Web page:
Minister for the Hajj and Umrah Dr. Muhammad Saleh bin Taher Banten called for the world’s Muslims to “be patient in concluding Hajj contracts” as Saudi authorities scramble to gain a clearer picture of how the coronavirus pandemic may impact the annual pilgrimage.
“Under the current circumstances, as we are talking about the global pandemic… the kingdom is keen to protect the health of Muslims and citizens and so we have asked our brother Muslims in all countries to wait before doing [Hajj] contracts until the situation is clear,” the minister said on Saudi state television on March 30.
Muslims are required to do the Hajj once in their life if they are fit and financially able. Approximately 2 million people flock to the holy cities of Mecca and Medina each year to perform the rite, which is scheduled to take place from July 28 to August 2, 2020.
Pilgrimage revenues are a key source of diversification for the Saudi Arabian economy, which Crown Prince Mohammed bin Salman has committed to reform under the Saudi Vision 2030 plan.
The kingdom has already suspended the Umrah pilgrimage to curb the virus spread, resulting in 1,200 visiting pilgrims finding themselves stranded in Mecca and forced into health isolation at local hotels.
Banten told the Saudi Press Agency (SAP) that in coordination with the Ministry of Health he had recently inspected their isolation conditions to ensure “all services and care are provided to Umrah performers.”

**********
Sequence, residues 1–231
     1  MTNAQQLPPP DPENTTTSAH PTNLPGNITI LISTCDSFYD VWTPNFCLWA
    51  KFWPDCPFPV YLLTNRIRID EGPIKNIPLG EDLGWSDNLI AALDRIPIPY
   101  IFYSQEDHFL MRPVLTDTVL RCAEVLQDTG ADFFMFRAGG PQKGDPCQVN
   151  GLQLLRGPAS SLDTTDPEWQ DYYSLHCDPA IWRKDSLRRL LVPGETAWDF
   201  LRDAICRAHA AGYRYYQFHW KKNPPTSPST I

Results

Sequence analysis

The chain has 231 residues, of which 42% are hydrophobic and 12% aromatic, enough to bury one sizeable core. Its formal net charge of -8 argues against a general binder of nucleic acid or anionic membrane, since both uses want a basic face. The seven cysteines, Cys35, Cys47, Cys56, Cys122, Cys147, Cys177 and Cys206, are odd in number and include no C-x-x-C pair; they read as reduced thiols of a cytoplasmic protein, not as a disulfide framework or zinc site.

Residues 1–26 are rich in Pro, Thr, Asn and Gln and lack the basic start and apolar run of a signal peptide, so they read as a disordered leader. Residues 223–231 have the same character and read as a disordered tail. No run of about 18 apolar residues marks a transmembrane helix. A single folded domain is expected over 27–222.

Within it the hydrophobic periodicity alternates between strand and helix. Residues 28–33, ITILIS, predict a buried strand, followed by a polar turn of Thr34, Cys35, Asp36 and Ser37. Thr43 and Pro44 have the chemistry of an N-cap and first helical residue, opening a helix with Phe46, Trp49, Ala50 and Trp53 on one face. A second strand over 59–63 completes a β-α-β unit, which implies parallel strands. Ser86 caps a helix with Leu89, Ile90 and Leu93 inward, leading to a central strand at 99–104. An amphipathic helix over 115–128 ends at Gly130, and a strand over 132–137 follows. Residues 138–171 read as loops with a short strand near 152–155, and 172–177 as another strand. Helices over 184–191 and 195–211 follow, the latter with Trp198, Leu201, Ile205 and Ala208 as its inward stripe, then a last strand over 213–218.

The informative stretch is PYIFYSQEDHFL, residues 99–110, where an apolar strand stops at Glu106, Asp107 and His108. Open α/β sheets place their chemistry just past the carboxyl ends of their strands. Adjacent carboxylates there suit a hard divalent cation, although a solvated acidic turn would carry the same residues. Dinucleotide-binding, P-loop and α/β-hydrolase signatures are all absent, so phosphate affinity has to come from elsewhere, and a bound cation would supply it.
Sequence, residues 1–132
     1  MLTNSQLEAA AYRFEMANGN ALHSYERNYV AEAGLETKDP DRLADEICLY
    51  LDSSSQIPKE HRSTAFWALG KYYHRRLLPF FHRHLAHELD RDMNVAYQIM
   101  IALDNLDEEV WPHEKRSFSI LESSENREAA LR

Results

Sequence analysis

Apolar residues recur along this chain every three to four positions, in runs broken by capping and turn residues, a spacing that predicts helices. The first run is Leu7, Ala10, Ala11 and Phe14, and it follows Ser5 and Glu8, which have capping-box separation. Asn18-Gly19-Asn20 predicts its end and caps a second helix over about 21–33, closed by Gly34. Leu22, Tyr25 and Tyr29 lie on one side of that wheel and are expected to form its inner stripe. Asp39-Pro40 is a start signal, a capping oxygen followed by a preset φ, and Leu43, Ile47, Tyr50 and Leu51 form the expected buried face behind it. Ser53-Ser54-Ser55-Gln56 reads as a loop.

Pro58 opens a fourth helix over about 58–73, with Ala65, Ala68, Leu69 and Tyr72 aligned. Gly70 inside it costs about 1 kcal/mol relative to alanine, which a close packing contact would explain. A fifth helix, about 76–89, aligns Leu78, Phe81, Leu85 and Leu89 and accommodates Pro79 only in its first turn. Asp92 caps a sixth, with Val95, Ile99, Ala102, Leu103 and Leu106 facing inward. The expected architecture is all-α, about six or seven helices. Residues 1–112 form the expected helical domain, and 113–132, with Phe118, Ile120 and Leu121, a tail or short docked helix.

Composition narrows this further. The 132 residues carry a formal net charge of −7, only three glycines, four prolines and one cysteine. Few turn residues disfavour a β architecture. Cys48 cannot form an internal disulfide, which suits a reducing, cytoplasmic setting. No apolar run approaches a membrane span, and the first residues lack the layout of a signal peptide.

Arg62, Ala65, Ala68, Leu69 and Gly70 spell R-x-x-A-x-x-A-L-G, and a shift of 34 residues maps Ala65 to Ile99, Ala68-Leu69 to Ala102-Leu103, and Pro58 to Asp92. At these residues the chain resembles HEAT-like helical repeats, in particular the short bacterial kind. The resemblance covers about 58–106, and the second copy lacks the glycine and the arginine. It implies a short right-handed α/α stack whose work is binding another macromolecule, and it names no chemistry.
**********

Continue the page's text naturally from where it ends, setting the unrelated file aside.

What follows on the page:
“Based on the current conditions, the amounts paid by those who obtained Umrah visas and couldn’t perform Umrah due to the precautionary, temporary suspension are currently being refunded,” Banten added on April 1.
With over 74,000 COVID-19 cases in the Middle East and North Africa, Saudi Arabia has 1,563 confirmed cases of the novel coronavirus, 31 of which are reportedly in critical condition. The disease has caused ten fatalities, while another 165 patients have made full recoveries, Health Ministry Spokesman Dr. Mohammed Al-Abdulaali said after a meeting of the Saudi COVID-19 Committee on Tuesday evening, March 31.
To slow the spread of the virus, Saudi Arabia introduced a three week coronavirus curfew on March 25, suspended flights in and out of the country, halted domestic travel, and undertook a broad sanitization program of public spaces.